This was a fun and very educational project and one of the neatest technical things I have ever done. I spent hours wiring and debugging the unit and writing the software. I probably learned more about digital circuit and software design from this project than I ever did at school or on my day job. Another exciting thing was, for a short time, I was one of the very few people who could casually say, “Why yes, I have a computer in my basement.”

On our final day in Tucson we went to the Pima Air & Space Museum. This is a wonderful place to visit if you are an aviation fan. There are hundreds of aircraft on display plus you can take an optional trip to the famous 309th Aerospace Maintenance and Regeneration Group (AMARG)Boneyard

SR-71 BlackbirdOne of the first aircraft we saw was the impressive SR-71A Blackbird. It’s hard to imagine anything that can fly at 2200+ MPH but, standing next to it, you have to know this plane is Fast!

Fighter RowNext we went outside to see the exhibits there before it got too hot. Here is a picture of the area where fighter aircraft are on display. There were also areas for bombers, transports, tankers, seaplanes and other sorts of aircraft.

B-52Here is a B-52 Stratofortress Bomber first introduced in 1955 and still in active service today. Without actually being there, it is hard to imagine how big one of these is.

Not all of the aircraft are from the US military. Here is a North Korean Mig-15 (built in Poland) used extensively by the enemy in the Korean war.

JFK's Airforce 1Here is the incarnation of Air Force One that was used by president Kennedy, a VC-118A Liftmaster (Douglas DC-6). This was the only plane where visitors were allowed to tour the interior.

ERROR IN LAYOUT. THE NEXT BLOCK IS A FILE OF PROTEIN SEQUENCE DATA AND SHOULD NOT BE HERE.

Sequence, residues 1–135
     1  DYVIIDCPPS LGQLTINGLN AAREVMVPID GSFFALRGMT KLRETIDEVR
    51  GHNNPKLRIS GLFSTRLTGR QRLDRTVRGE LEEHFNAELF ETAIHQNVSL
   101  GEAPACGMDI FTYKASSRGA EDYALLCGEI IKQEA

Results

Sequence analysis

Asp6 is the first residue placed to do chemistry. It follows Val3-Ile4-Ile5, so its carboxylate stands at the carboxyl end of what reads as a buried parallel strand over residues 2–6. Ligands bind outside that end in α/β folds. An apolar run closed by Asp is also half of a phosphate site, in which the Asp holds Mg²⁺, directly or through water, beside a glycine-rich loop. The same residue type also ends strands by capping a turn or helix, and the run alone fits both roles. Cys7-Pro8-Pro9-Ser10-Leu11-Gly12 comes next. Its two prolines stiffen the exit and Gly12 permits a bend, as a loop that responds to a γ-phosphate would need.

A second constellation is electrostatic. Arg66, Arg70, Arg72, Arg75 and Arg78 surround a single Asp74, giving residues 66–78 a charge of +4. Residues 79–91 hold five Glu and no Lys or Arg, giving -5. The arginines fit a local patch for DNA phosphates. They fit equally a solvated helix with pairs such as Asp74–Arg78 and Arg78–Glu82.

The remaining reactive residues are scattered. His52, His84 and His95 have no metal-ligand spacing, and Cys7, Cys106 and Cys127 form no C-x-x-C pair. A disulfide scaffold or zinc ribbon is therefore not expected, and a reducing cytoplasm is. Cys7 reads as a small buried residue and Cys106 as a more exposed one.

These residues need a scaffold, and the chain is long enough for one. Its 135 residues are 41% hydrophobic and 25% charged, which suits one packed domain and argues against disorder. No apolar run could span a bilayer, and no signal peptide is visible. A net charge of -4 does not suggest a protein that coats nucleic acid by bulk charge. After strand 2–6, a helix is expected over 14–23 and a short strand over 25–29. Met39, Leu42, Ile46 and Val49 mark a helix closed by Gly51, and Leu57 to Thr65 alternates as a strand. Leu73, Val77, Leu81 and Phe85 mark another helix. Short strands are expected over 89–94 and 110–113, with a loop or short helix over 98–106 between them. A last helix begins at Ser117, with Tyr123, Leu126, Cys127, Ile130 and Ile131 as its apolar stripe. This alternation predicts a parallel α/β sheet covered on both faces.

As it got hotter outside, we went back into the hangars where some beautifully restored WW-II era aircraft were on display. Among them a B-29 and this B24 Liberator.

Also inside was one of the strangest looking aircraft I had ever seen. It’s the Bumble Bee, the worlds smallest piloted aircraft. It has a wingspan of 5′ 6″ and and overall length of 8′ 10″.

We really enjoyed our visit here and would even consider going back again in the future as there were many displays that we didn’t have time to see nor were we able to take the optional trip to the “Boneyard.”

I’ve been following the ASUS Eee PC, ultra portable laptop since it came out. but I felt the original 7″ screen was a little small and the storage capacity limited. That changed when they came out with the next model. I finally gave in and ordered a Eee PC 901 on August 20th. I got the 1.6GHz 20GB, Linux model and it arrived on Tuesday.

My first impressions are quite favorable. It’s fast and lightweight. The 9.8″ screen is bright and very readable. The Linux distro it uses is a version of Xandros and it is very complete. I have had no real problems with any of the numerous software packages that are pre-installed. It is easy to set up and use.

Best of all, it boots up like lightning – maybe 30 seconds total. Not quite instant on, but close. It is very practical to keep it handy and turn it on just to check the weather or news and then flip it off again. No agonizing wait for boot up or shut down.